Friday, July 24, 2009

update July 24

Friday, July 24, 2009
It has been a while but here is another report from Germany. The few days on my own in Potsdam went by fast and in great anticipation Daniel finally arrived in Berlin where I picked him up by car. I was hesitant to drive to the airport but conquered this as well and finally could hug my son again. We had a great time with a family pow-wow meeting up with my niece, nephew (the chef) and getting to know my great-nieces. Such charming kids – that they just put a smile on all our faces all the time.
Then Daniel and I were lucky that another friend let us stay at her apartment – yet on another charming lake – before we set off for Berlin, Dresden, Wittenberg – the Lutherstadt and ultimately Munich. If you decide to explore the former East Germany states of Saxonia, Dresden is a must. It is so historic you feel like in Florence.
The famous Semper Opera offers tours and we were fortunate to sit in a rehearsal of Porgy & Bess by the New York Harlem Theater company. They are one of the greatest successes here in Germany. The Dresdner Zwinger is the one of the famous gallery’s – all 17th, 18th, 19th century art. Amazing how this stuff survived all the political changes over the hundreds of years.
In Munich we took a walking city tour and Daniel went to see the Dachau Concentration Camp Memorial on his own.
The days with Daniel were too few but at least I enjoyed every minute with him. Flash backs included when I tucked him in the car seat and drove him all over the autobahn. And now: he is the driver, with such ease and comfort. I loved it.
We parted in Munich and he took the train to Frankfurt to return to LA while I drove the 550 km back to Potsdam.
Now I am in the second apartment, located right in the middle of town in a fully restored “Hollaender Haus”. It is basically the top floor of a private home. You go out of the door and there are little shops, restaurants, cafĂ©’s and shopping. My little place on the lake the one with the naked people) is only 20 minutes walk and I went yesterday, catching a dry spot in the day.
This is what is really not so fun: Maybe you even heard in the US about the strange summer her. Showers, thunderstorms, hail, huge down poor’s day after day. Then in between just wonderful hours of sunshine. People are pretty frustrated and for the tourists it is not fun either.
But – I am finally online and can work during the rain and hope it will get better.

Tomorrow is the big day for Potsdam. It is called “Erlebnisnacht” – the entire town is closed down for an music, art and food festival. Hopefully the weather will settle down by then.

Monday, July 6, 2009

3 Entries from Germany

Monday, July 06, 2009

After much TLC from my cousin Anke and her husband I am now in Potsdam. I am finding my way around walking over 5 miles a day, exploring the town of 140.000.
After a ballet show – somewhat amateurish but fun I wandered into town, ending in a buzzing place under the Nauener Tor. Within minutes 2 guys of around 30 (and handsome) struck up a conversation that lasted until 1:30 am in the morning. They were locals and talked very openly about attitudes in the DDR vs. GDR, their dreams, careers,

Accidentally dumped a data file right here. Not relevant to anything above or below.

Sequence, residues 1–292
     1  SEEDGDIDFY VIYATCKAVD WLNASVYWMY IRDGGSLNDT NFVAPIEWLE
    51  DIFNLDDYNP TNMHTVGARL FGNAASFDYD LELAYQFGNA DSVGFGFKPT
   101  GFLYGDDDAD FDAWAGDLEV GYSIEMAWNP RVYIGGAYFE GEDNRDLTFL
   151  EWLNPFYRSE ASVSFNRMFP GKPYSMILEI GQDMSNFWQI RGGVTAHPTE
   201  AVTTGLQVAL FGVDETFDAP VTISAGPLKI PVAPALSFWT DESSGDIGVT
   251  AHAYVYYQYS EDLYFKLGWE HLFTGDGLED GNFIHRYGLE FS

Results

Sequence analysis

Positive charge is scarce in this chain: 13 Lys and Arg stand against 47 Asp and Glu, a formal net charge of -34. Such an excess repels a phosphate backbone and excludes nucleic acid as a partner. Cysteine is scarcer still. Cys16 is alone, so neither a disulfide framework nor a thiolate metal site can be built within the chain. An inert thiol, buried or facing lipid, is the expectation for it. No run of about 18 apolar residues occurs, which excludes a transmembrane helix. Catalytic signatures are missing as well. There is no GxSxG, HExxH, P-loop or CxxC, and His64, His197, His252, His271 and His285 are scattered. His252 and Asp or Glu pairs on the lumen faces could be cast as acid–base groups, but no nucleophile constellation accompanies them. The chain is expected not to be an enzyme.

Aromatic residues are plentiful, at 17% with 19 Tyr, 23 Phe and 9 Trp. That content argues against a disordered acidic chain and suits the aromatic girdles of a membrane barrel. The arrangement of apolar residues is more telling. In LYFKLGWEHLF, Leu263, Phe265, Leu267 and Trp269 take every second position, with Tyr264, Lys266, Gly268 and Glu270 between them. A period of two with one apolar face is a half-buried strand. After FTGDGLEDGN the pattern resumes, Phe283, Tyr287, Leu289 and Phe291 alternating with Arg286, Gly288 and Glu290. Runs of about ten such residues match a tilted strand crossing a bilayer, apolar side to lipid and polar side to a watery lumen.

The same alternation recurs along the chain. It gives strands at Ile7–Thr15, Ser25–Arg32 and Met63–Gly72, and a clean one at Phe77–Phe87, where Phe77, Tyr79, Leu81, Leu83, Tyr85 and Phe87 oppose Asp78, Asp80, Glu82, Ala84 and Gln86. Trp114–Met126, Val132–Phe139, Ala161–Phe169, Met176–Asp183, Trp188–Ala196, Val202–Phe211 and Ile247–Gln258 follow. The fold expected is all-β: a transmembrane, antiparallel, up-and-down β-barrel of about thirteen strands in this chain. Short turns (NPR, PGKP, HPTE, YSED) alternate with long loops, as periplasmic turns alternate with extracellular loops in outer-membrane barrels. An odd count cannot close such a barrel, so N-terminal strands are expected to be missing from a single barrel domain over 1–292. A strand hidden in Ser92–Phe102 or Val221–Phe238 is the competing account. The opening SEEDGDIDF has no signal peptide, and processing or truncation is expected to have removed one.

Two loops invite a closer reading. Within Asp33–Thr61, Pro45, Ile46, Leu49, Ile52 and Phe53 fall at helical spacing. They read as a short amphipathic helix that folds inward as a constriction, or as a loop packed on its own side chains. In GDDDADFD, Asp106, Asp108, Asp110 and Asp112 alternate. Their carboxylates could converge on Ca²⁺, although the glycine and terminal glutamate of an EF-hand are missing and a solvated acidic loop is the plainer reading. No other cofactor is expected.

Their memories of the time before the wall feel (when both were 11) What an interesting evening.
Then I walked home by myself, feeling safe all around because many people on their bikes zipping by.
It is a very different feel. So far my favorite lake is the Heiliger See (not for its name) but for its little grassy beach spot. People are naked or in bikini’s (not me). The view is spectacular across the lake showing off castles, towers, churches and parks and the water is just perfect for swimming.

Friday, June 26
Trip to Bundesgartenaustellung in Schwerin with Irmchen Lootz
My 80=year old, chick, stylish and so upbeat friend with her bright red woollen coat allowed me to push her in a wheel chair through the Schloss Park in Schwerin. The old castle restored to its glory after the East German Government neglected this historic jewel.
The placement of the federal garden show in East Germany is another attempt to attract visitors there. The gardens, flowers, herb and vegetable gardens were nice but not spectacular. But the Schlosspark is worth any minute. The beautiful old trees, the lawns, statues and water ways – just a delight for the eye and spirit.

Sunday, June 28, 2009

Luebeck is one of the most historic cities in Germany, founded in 1143 and prosperous throughout centuries. Thomas Mann, the famous novelist and author of the Buddenbrooks was born here.
As I visit more often I noticed the focus on traditions, valued by young and old. The city of Luebeck celebrated today the 161 anniversity of a community party. Six years ago, young people came up with the idea to have an opening celebration of this big Volksfest In the famous Marienkirche, the center part of town. It took from 1260 till 1350 to build this magnificent gothic church. Bombed in March 1942
the church was much destroyed and the fallen church bells are still sitting as a memorial of this tragic night.
Now – on this Sunday I find myself in this ancient building, surrounded by marching band, traditional music makers with names like the Freubeutermukke (pirates club) in outfits from pirate ships. Girls, boys, man and women of all ages with trumpets, horns, cylophones, drums making rhythmic music in this church. 8 other bands took turns between prayers, sermons, speeches and the confession of faith. I could not imagine such modern sermon given together by a priest and priestess together in such harmony.
Germany is changing or this maybe have been a display of hope. I saw volunteer musicians, event planners, city senators and the community all celebrating the coming together in a festival of 2 weeks. The integration of music, applause in a church, smiling northern German people – there is hope I think – for my birth